Women's Tennis Looking to Get Back to Top of Ivy Ladder in 2004

Quakers return a host of talented veterans ready to make a run at the Ivy title.

Feb. 3, 2004

The Penn women's tennis team looks to make even more history this season as four seniors return to lead the 2003-04 Quakers back into the national spotlight. Three of those four student-athletes who are in their final year at Penn have high hopes of making the NCAA Tournament for the fourth-straight season, while one other is looking to finish her collegiate career as one of the top-ranked players in NCAA Division I.

Coming off a 15-6 season that saw the Quakers lose their stranglehold on the Ivy League title after going 6-1 in the Ancient Eight, Head Coach Michael Dowd looks forward to a refreshing change of pace that "the hunter" brings with it. Strong senior leadership and talented student-athletes at each singles and doubles position should put the Quakers back in the hunt for their third Ivy title in four seasons.

"Last year's team was probably better than the team that won the Ivy League title the two years previous, but the level of competition has really risen across our League," Dowd said. "We were competitive in every match we played last year - we didn't lose to anyone outside the top 20 nationally - which really says a lot about where the future of our program is heading."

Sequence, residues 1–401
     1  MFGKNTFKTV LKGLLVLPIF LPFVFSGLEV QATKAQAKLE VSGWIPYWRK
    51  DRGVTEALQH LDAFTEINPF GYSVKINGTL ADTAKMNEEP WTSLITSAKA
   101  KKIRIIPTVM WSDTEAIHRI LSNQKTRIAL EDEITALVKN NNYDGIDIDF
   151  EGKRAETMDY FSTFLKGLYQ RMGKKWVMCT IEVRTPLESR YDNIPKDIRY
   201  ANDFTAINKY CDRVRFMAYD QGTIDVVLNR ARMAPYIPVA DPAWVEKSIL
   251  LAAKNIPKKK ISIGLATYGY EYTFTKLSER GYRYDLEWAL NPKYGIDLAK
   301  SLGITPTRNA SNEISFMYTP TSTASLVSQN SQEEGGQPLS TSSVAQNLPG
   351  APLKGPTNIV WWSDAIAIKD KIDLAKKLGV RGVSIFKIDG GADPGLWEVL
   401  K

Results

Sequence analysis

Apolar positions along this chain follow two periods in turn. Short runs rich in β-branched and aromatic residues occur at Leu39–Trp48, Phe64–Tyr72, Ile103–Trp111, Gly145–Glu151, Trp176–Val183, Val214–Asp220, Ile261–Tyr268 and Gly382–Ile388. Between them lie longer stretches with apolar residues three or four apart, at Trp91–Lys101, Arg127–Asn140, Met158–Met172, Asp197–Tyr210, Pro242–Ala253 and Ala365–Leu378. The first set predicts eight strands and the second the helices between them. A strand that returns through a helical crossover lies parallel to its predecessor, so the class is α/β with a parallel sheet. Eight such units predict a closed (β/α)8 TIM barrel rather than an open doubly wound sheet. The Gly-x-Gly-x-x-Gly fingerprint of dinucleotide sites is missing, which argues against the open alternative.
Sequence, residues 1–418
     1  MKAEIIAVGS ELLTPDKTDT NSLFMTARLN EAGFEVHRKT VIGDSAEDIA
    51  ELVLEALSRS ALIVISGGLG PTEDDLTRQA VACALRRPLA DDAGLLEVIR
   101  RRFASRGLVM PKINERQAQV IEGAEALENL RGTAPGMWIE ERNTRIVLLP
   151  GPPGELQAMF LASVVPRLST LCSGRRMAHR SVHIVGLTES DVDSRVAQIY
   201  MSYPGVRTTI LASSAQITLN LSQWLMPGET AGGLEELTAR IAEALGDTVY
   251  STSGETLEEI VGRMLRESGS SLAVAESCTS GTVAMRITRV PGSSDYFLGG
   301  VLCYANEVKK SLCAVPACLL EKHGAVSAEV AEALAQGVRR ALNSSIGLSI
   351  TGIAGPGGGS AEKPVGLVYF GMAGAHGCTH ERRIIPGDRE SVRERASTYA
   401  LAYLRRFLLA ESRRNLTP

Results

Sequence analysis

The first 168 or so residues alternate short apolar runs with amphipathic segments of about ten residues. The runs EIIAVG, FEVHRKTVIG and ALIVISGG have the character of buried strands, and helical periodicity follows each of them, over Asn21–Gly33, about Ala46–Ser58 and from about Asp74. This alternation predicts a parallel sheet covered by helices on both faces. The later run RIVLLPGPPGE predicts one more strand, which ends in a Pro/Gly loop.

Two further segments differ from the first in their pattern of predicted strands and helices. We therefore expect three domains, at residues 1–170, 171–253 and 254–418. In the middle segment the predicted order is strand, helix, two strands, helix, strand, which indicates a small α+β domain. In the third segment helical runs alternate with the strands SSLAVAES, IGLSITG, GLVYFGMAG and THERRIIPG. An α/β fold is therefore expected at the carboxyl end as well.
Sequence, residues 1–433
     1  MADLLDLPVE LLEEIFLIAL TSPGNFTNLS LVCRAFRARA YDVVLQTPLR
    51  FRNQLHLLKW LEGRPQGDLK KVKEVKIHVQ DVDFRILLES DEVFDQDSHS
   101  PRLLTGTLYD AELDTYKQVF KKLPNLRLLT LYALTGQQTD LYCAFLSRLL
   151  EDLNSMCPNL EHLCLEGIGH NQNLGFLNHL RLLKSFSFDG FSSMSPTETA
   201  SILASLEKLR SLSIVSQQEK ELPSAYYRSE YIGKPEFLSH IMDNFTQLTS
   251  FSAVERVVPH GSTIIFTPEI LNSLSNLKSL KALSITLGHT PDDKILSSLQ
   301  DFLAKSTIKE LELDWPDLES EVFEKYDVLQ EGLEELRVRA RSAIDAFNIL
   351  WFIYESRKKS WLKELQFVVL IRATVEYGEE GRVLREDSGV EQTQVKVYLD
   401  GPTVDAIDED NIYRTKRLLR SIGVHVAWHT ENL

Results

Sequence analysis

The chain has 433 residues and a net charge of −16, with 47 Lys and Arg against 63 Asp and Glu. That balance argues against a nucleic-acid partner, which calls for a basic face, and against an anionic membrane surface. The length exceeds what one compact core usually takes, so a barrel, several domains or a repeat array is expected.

Senior Alice Pirsu may be the most well-known Penn women's tennis player, but she certainly is not the only one who has put Penn on the national map. A slew of returning players, including second-team All-Ivy League honorees Nikky Ptak, Shelah Chao and Rachel Shweky, are ready and able to take this team to the next level and Dowd wouldn't want to have it any other way.

"I really like the experience of this year's team. I think we have the talent and the power to become a leader in the east and on the national level," Dowd stated. "We have a lot of returners wearing Ivy League Championship rings. Our players know what it takes to win as many of these student-athletes have only lost one Ivy League match in three seasons. I think they are disappointed with last year's single loss, but they are hungry to go back at it for another title in 2004."